by Katherine Mann

2nd year MICA Hoffberger school of Painting student Hwa Hyun Kim at once reveres and pummels the expectations of figuration with whimsy and elegance in her portraits of men painted in ink on Korean paper.  Kim paints male figures in a style influenced by manga cartoons and traditional Asian ink painting–creating effeminate, yet absurdly desirable characters awash in a type of transgender, heartbreaking sexuality.


Hwa Hyun grew up in Seoul, Korea, reading manga books, particularly “romance manga”.  She refers to the male characters in these novels as “highly stylized” and “not heroic or strong but very beautiful, sweet and romantic.”  According to Kim, these novels described the male figure as an object of desire, subjects of the female’s gaze and fantasy.  She claims, “These mangas show exactly what women want from men –or (Asian) girls want from boys– without having to make any kind of compromise with the terms of reality (ex. Men are stronger than women, physically and socio-politically, therefore there are limits to what women can demand.. these conditions can be completely ignored in manga.)”

Kim’s male characters glory in their very absurdity–the absurdity of fantasy.  A warrior charges into battle–but his billowing skirt reminds the viewer of a ballerina’s tutu.  One fey body crouches on a tiger skin, another displays a dragon tattoo disappearing under a carefully placed cloth covering his penis.  The two paintings are titled, “Crouching Tiger” and “Hidden Dragon”.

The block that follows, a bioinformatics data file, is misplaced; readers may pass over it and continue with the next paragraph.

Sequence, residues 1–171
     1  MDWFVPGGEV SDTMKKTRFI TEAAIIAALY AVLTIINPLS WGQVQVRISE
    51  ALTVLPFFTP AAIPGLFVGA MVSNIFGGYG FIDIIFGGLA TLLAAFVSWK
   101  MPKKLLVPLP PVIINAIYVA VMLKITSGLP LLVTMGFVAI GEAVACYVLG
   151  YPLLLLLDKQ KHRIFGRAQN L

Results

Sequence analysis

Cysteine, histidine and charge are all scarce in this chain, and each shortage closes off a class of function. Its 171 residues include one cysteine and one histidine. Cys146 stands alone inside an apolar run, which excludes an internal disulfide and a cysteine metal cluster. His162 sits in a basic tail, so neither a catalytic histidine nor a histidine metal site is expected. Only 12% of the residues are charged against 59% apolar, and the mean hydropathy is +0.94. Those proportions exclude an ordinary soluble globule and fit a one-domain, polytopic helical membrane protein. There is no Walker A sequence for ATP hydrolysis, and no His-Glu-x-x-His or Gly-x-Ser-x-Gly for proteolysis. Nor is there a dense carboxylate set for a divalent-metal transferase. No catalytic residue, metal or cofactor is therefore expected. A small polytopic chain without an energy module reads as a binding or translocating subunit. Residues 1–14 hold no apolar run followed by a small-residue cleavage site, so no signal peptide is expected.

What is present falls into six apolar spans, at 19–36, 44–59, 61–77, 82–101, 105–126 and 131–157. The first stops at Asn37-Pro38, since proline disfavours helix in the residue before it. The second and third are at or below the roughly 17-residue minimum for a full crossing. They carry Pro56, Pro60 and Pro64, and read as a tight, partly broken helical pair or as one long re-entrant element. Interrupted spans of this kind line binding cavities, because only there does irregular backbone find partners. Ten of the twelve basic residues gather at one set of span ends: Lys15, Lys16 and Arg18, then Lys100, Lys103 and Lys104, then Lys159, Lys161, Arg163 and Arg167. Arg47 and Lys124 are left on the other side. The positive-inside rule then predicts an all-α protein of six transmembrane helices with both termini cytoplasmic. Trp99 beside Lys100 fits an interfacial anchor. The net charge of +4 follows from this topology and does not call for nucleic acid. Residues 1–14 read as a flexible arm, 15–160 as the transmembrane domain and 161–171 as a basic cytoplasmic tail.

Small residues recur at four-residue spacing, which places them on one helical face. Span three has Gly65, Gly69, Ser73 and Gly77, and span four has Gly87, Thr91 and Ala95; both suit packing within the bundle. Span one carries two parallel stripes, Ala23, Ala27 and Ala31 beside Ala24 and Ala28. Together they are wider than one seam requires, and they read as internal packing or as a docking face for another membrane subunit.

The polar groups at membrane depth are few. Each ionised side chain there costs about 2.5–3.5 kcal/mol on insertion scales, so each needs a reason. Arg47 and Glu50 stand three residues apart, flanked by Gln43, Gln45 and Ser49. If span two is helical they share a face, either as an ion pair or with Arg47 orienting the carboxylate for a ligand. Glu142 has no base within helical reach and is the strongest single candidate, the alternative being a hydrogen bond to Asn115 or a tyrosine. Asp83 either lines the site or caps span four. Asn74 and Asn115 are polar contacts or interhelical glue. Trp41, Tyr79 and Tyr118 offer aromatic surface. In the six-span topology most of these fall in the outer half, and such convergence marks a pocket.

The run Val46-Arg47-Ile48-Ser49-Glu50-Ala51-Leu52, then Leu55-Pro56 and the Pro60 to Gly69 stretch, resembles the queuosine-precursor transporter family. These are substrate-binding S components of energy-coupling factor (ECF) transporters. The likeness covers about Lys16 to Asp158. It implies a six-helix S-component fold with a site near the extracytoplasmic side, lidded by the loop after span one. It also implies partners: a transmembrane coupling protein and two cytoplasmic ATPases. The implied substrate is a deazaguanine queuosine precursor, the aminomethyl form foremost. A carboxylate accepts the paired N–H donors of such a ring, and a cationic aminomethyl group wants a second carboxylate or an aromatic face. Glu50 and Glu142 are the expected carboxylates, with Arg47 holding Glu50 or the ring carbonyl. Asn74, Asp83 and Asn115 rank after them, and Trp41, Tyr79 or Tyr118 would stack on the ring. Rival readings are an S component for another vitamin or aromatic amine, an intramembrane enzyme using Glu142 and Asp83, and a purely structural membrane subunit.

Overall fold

Hwa Hyun claims, “Giving delicate physiques to boys suggests that power and control in the viewing experience are in the hands of the viewer. I go a step further by placing them in poses and situations that women have been in throughout art history. There obviously is a switch on gender roles, but I’m not paintings these boys merely to get back at how women have been treated in visual culture. I earnestly think that the male body is beautiful, and it is worth taking the time to look at their beauty and desirability and nothing else.”  Kim’s characters are certainly beautiful and desirable, but they also question and laugh at the norms of beauty and desirability in their utter, sexy ridiculousness.  They bow to the unabashed, blatant female libido but take it to an awkward extreme.  They refer to Western stereotypes of the androgynous Asian male but infuse androgyny with sex.  With their exaggerated lashes and bee stung lips, Kim’s characters both seduce and implicate the female or male viewer, turning us on and embarrassing us at the same time.


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